Caramelized Carrot Puree

The first recipe I tried from Modernist Cuisine at Home was Caramelized Carrot Puree. The flavor of the carrots is intensified by pressure cooking them with baking soda. The baking soda allows caramelization to occur at temperatures that a pressure cooker can generate. I really liked the result, although I think I will pressure cook the carrots slightly longer next time as European pressure cookers use a lower maximum pressure than American pressure cookers (13 psi versus 15 psi). The caramelized carrot puree was very nice and creamy and had a great deep carrot flavor. I think it would be great to combine this with something else to create a nice amuse bouche. I just haven’t thought of what yet 😉

The recipe in MCaH is not very clear as to the amount of carrots to be used. In the recipe it is recommended to cut the fibrous core out of the carrots, as it could introduce a bitter taste. I started with 500 grams (1.1 lbs) of carrots, but after peeling and removing the core there was only about half of that left. I decided to keep the amount of water the same (as the recipe advised not to scale it down to avoid having too little water to produce enough steam), but scale down the amounts of butter, salt, and baking powder. It turned out great, although as mentioned above a bit more caramelization should be possible. Most of the work is in coring the carrots and it also seems wasteful, so I will try it without coring the carrots next time.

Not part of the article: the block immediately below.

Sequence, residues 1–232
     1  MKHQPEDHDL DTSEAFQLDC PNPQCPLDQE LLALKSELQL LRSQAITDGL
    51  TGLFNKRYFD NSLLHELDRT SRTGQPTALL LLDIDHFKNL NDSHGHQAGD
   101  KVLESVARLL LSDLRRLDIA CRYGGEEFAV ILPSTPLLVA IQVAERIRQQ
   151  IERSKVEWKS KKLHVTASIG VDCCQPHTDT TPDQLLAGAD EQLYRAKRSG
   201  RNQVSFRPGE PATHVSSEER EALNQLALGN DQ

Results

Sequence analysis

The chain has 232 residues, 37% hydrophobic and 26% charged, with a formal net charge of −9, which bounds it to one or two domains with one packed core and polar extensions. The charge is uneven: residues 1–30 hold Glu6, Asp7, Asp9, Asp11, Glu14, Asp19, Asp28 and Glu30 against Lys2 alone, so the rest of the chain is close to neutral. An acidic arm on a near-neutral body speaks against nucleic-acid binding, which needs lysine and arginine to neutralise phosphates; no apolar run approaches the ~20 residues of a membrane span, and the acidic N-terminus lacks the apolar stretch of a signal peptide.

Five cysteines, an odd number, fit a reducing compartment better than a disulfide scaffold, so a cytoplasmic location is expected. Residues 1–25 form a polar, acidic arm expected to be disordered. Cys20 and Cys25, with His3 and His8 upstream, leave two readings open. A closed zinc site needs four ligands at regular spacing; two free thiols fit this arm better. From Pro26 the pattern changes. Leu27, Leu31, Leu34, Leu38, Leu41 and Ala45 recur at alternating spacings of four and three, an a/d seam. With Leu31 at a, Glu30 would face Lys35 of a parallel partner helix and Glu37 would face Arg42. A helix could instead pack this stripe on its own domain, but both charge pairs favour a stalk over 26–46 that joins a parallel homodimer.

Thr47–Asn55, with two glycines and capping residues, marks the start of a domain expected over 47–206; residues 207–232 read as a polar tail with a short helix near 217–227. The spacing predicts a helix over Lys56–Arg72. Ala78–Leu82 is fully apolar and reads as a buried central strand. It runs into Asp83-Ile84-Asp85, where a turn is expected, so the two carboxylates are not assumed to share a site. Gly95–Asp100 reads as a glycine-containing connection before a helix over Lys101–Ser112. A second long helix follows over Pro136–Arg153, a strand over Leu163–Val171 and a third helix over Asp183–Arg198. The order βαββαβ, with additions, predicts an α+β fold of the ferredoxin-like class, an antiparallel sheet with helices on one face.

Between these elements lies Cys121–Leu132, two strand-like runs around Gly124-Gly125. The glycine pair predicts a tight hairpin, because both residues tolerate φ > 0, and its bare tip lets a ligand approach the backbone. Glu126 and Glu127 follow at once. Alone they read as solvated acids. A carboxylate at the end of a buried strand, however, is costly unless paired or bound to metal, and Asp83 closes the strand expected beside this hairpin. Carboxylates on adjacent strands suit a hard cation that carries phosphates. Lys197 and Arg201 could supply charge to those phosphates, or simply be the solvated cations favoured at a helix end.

500 grams (1.1 lbs) carrots (250 grams after peeling and coring)

50 grams (3 1/2 Tbsp) unsalted butter

30 ml (2 Tbsp) water

2.5 grams (1/2 tsp) salt

1.25 grams (3/16 tsp) baking soda


Peel the carrots cut them into quarters lengthwise.

Slice away the tough fibrous cores (optional) and cut the carrots into pieces 5 cm (2 inches) long.

Melt the butter in the pressure cooker.

Mix the water with the salt and baking powder, and add it to the pressure cooker together with the carrots.

Stir to mix.

Pressure cook for 20 minutes (start timing when full pressure is reached).

Depressurize the cooker by running tepid water over the rim.

Blend to a smooth puree with an immersion blender. If you like you can pass the puree through a fine sieve to make sure it is completely smooth. Taste and adjust the seasoning with salt.


Two years ago I prepared prosciutto-wrapped monkfish sous-vide. This is a very nice combination, that you can also prepare in the oven. I think today’s carrot puree would go very well with the prosciutto-wrapped monkfish.

3 thoughts on “Caramelized Carrot Puree

  1. Though I’ve yet to buy a pressure cooker, Stefan, I did roast carrots tonight for dinner. I can only imagine the flavor it would bring to your puree. I got a smile when you wrote that you’ve yet to figure out the amuse bouche. If anyone will, I’m sure it would be you.
    By the way, I really like the look of your site. It’s much “cleaner” and your photography is nicely complimented.


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